On September 1, 2022, President Biden gave a speech titled, Battle for the Soul of the Nation
. In it, he labels the vision that MAGA Republicans have for America as “extremism that threatens the very foundations of our republic.” He allocated two thirds of the entire speech to make his case that the views of others are “a clear and present danger to our democracy.” Biden’s solution to this perceived threat is “to stop the assault on American democracy.”
In reality, silencing those who have differing opinions would be a greater threat to democracy than those opinions will ever be.
President Biden is not the first president to use such rhetoric. Of the opinions of Democrats President Trump said, “The Democrats have become too extreme. And they’ve become, frankly, too dangerous to govern. They’ve gone wacko…You don’t hand matches to an arsonist, and you don’t give power to an angry, left-wing mob.”
His solution was to silence them out of governing. Both Biden and Trump sought to prevent differing opinions from sitting at the table of government.
The tendency to use the force of government to silence opposition is not just a twenty-first century problem. Even the fiery, freedom loving John Adams signed the Sedition acts when he was president. The acts made it illegal to disagree with Congress, the President, or any law of the United States.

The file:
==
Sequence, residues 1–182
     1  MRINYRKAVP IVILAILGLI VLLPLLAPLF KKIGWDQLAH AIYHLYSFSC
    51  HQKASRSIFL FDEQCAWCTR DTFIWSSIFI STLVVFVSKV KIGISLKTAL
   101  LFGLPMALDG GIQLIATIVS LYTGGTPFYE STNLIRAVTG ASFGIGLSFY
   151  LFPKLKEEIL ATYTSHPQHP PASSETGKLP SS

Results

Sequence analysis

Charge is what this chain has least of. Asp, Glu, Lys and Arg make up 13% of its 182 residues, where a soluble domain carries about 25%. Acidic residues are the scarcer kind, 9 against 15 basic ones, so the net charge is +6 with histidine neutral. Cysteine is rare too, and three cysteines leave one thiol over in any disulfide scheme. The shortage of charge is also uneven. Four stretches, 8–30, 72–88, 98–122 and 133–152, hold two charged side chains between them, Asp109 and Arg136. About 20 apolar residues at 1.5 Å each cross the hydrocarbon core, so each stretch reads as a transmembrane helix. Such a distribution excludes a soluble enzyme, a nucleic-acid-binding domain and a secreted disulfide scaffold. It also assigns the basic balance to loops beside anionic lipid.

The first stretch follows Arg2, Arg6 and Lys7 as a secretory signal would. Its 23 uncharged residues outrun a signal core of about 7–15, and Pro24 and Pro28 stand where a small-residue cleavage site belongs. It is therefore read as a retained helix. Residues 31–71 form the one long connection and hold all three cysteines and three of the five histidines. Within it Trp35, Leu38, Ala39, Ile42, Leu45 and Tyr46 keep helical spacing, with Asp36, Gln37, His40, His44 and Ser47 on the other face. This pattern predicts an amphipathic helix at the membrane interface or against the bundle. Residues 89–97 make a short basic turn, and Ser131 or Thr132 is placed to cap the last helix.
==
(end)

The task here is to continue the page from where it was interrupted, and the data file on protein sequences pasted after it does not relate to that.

It was argued that the acts were to protect the republic. Interestingly, the law was set to expire March 3, 1801, the last day of Adam’s and the House’s term in office. An action that appeared to protect those holding office at the time, not the republic.
Taking away the free speech of others in the name of protecting democracy is to forget that free speech is one of the primary pillars of democracy. The First Amendment is the first in the Bill of Rights because it is designed to protect the foundational building blocks of democratic principles. The First Amendment is not a list of single, disconnected subjects; it is a logical progression of rights. Our individual rights begin with the ability to think and believe. No other person has control over our thoughts and beliefs. The next logical step is our freedom to speak and to publish, or print, those thoughts—the freedom of speech and of the press. Next comes the right to assemble with other citizens to discuss what we have spoken and printed. Last, we have the right to assemble for the purpose of expressing our thoughts to our elected representatives in government. If we have a right to think, we have a right to petition, and a right to every step in between.